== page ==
Shock-absorbing traffic light poles could save lives

When a car hits an object on the roadside at an intersection, there is a good chance that the object is a traffic light post. If it is a new energy-absorbing pole, however, the risk of injury or even death can be greatly reduced.

Traditional street lights are relatively stiff and inflexible, so collisions with them can be quite unpleasant for the driver. Moreover, if a pole Is it that breaking its base when crushed hard enough, it may collide with pedestrians who are nearby. In addition, of course, the entire post and damaged lights must then be replaced.

“Recent statistics show that in Australia, traffic light collisions cost $ 18.5 million per year in fatalities, $ 53.7 million in injuries and up to $ 16 million per year to repair, install and maintain traffic lights, ”said Dr Mohammad Uddin of the University of South Australia.

With statistics like these in mind, he and the university teamed up with Australian firm Impact Absorbing Systems to create street light poles that absorb kinetic energy. These poles will incorporate a system already used in the company’s energy-absorbing steel bollards.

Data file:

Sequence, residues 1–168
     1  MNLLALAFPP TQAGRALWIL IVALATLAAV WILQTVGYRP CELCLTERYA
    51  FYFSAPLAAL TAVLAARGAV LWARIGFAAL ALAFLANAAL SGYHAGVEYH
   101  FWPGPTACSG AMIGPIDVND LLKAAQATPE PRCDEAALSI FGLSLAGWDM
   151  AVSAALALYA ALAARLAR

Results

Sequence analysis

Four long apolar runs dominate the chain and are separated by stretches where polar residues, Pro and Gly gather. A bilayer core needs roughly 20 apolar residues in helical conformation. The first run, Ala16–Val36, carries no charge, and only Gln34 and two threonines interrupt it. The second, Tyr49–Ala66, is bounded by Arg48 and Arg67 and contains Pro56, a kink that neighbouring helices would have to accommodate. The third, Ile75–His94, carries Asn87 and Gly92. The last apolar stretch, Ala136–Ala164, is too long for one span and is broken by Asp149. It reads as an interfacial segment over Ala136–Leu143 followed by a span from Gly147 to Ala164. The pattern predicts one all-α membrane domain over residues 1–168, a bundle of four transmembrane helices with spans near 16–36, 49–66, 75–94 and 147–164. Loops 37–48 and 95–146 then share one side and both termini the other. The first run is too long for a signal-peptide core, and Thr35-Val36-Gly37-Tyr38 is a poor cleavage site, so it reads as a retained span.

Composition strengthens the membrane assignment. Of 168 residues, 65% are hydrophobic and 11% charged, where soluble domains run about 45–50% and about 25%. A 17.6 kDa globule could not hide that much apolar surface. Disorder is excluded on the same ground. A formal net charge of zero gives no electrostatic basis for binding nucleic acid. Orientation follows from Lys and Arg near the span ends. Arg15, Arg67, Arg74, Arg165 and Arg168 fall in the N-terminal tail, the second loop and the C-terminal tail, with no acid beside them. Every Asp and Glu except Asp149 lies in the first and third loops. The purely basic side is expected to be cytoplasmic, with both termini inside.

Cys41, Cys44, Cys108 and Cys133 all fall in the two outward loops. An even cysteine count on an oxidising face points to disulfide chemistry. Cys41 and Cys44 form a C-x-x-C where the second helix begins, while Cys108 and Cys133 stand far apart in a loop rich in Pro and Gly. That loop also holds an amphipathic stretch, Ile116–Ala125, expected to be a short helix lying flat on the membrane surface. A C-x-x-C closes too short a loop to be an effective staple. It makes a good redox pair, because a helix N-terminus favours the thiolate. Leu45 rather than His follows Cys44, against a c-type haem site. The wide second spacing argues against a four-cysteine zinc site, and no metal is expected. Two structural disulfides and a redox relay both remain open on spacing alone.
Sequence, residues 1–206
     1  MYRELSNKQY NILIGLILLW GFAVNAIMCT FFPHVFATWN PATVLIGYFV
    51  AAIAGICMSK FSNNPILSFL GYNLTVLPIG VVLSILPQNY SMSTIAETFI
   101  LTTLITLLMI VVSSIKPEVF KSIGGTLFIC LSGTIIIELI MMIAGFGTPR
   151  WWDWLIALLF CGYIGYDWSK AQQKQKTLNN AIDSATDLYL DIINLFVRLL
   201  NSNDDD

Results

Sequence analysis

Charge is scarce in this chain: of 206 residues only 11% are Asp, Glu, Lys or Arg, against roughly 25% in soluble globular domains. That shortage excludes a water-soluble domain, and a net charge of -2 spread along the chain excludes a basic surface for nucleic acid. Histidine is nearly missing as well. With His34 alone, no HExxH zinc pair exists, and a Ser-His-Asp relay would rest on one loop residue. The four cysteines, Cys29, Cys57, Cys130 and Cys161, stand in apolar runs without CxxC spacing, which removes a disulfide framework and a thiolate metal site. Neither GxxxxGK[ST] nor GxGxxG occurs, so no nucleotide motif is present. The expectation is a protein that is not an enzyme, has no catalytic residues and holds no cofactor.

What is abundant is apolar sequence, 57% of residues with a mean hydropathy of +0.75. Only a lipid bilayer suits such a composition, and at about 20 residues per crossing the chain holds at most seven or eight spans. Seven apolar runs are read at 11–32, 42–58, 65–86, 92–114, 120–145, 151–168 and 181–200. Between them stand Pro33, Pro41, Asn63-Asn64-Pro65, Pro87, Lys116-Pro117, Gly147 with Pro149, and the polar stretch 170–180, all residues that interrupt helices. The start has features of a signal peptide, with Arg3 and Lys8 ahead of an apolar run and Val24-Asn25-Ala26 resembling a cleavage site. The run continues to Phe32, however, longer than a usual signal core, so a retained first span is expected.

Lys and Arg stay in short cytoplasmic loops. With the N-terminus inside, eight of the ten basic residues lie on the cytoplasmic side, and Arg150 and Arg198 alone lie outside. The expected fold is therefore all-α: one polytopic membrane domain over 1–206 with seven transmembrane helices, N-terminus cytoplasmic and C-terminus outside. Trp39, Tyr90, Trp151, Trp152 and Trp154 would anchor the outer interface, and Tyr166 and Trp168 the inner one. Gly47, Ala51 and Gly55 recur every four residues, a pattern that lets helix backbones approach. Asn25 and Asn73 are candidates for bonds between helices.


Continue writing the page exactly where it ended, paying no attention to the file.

In this system, the bottom section of each bollard is inside a cavity in the concrete foundation of the bollard. This cavity is cone shaped – it is the same diameter as the post at the bottom, but wider at the top, forming a space between the post and the concrete. This space is filled by a polyurethane foam cartridge which goes around the cylindrical bollard, keeping it straight… until it is hit by a car, that is to say.

When this happens, the cartridge compresses by absorbing the energy of the impact, allowing the terminal to tilt to one side without breaking. The company says the result is less sudden impact on the car and the driver, and less chance of terminal damage.

This same technology is now being scaled up for use on traffic light poles. We hope they will be ready for use within a year.

“We anticipate that these new energy absorbing traffic lights (EATL) will be the standard model in the future, not only for new installations, but also to gradually replace existing lights,” Uddin said.

Sources: University of South Australia, Impact Absorption Systems

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